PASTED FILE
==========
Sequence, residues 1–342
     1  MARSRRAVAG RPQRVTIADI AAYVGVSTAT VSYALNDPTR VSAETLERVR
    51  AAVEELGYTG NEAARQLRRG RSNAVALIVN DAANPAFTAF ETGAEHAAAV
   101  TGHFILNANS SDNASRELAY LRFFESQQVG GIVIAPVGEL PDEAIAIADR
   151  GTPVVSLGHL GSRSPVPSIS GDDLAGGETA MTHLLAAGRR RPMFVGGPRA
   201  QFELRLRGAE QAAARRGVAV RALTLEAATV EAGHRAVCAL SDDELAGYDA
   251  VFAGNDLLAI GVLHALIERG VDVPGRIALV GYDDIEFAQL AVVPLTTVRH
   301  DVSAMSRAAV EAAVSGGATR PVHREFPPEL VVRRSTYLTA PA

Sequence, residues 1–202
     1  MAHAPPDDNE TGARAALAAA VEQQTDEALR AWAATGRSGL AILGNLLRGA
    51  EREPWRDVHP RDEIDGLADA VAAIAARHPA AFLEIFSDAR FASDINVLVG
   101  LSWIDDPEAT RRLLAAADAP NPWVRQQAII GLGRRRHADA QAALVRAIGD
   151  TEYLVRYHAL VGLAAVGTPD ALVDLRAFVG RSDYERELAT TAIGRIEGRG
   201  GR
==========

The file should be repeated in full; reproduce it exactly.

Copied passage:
Sequence, residues 1–342
     1  MARSRRAVAG RPQRVTIADI AAYVGVSTAT VSYALNDPTR VSAETLERVR
    51  AAVEELGYTG NEAARQLRRG RSNAVALIVN DAANPAFTAF ETGAEHAAAV
   101  TGHFILNANS SDNASRELAY LRFFESQQVG GIVIAPVGEL PDEAIAIADR
   151  GTPVVSLGHL GSRSPVPSIS GDDLAGGETA MTHLLAAGRR RPMFVGGPRA
   201  QFELRLRGAE QAAARRGVAV RALTLEAATV EAGHRAVCAL SDDELAGYDA
   251  VFAGNDLLAI GVLHALIERG VDVPGRIALV GYDDIEFAQL AVVPLTTVRH
   301  DVSAMSRAAV EAAVSGGATR PVHREFPPEL VVRRSTYLTA PA

Sequence, residues 1–202
     1  MAHAPPDDNE TGARAALAAA VEQQTDEALR AWAATGRSGL AILGNLLRGA
    51  EREPWRDVHP RDEIDGLADA VAAIAARHPA AFLEIFSDAR FASDINVLVG
   101  LSWIDDPEAT RRLLAAADAP NPWVRQQAII GLGRRRHADA QAALVRAIGD
   151  TEYLVRYHAL VGLAAVGTPD ALVDLRAFVG RSDYERELAT TAIGRIEGRG
   201  GR